I was watching an old episode (the only kind there is, really) of The West Wing the other day, and saw a name that would bring a smile on my face every time I watched the show when it first aired – W.G. Snuffy Walden. To my surprise, we had not yet covered him here on these hallowed pages, so here we are!
Snuffy, or William Garrett Walden, as he was originally named, was born in Louisiana in 1950, and later raised in Houston, Texas. After graduating High School, he studied math at university while also working as a radio DJ and playing guitar at a strip club. An, um, interesting gig for a student, I’m sure.
He picked up his unusual nickname from his musician buddies who didn’t care for such square names as “William” or “Garrett”. Luckily, there was a popular Southern brand of chewing tobacco, or “snuff”, named Levi Garrett. In nickname speech forever after, Garrett would equal Snuffy. And we’re happy for it.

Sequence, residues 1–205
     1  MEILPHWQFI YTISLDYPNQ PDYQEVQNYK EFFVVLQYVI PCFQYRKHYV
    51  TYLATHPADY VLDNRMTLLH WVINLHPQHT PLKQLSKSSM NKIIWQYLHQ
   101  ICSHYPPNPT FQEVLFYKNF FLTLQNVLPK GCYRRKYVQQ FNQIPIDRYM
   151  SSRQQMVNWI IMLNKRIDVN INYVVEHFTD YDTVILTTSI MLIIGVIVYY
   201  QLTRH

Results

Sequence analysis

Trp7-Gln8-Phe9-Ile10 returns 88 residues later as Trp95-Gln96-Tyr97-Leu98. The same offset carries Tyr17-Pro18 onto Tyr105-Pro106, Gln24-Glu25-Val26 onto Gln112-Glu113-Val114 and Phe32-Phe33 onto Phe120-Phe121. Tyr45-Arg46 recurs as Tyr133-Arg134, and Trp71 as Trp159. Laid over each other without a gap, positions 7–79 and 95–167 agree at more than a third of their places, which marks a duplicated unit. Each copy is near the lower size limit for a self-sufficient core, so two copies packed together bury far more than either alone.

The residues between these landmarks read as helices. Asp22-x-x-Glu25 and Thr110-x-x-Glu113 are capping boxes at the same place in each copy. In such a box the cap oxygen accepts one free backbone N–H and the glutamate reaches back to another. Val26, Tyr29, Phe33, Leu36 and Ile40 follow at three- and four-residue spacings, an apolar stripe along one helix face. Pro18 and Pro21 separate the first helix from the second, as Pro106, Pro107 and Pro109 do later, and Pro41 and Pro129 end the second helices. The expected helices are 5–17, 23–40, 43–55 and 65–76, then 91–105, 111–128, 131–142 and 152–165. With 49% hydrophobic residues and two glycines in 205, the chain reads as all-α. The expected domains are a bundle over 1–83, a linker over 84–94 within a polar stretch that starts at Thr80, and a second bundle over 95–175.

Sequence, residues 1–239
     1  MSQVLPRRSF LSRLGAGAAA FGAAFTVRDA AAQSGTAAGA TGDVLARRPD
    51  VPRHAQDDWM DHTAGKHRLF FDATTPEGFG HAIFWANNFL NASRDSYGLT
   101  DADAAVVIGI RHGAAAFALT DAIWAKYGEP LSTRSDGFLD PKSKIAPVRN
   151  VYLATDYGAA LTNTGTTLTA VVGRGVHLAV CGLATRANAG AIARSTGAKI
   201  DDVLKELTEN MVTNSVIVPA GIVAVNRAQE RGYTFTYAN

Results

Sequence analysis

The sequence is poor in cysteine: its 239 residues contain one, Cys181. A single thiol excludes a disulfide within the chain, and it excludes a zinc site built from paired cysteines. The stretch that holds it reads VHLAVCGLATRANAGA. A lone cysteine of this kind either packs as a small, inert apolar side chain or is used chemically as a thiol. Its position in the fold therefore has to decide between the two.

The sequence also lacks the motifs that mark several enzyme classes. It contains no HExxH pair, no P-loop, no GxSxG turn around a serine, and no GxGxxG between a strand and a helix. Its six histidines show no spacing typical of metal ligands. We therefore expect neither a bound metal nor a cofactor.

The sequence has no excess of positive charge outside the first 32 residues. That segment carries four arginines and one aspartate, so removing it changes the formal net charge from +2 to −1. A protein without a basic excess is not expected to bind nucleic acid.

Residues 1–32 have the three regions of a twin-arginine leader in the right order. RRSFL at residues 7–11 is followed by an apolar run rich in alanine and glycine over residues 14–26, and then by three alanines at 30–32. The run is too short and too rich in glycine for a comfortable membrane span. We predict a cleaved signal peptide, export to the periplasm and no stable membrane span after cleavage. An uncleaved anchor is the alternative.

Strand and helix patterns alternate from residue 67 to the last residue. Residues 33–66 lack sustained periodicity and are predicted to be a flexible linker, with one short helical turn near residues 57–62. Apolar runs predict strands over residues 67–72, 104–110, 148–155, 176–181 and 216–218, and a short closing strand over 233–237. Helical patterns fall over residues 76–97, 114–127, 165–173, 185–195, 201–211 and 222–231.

Soon, he decided picking on the ol’ guitar was way more fun that working with integers and tangents, or whatever it is that math students look at all day. He dropped out of school and hopped on the road with his blues outfit Stray Dog. He moved to England, later joined the Eric Burdon Band, and throughout the 70s and 80s played with musicians like Burdon, Donna Summer, Chaka Khan, and Stevie Wonder.
He eventually moved to L.A, and in 1987 he was approached to compose music for a television show. He wasn’t instantly sure whether he wanted the gig, but accepted, figuring the time was running out on his days as a touring musician. He took the gig, and it turned out to be the theme song for the massive hit thirtysomething. This piece of fortune started a whole new career as a TV composer.
He’s worked on more than 80 TV and film soundtracks since then, including the aforementioned West Wing, as well as Roseanne, Ellen, The Drew Carey Show, and Friday Night Lights.
He is currently also serving as an artistic advisor to the BMI Foundation, which oddly has nothing whatsoever to do with body mass index.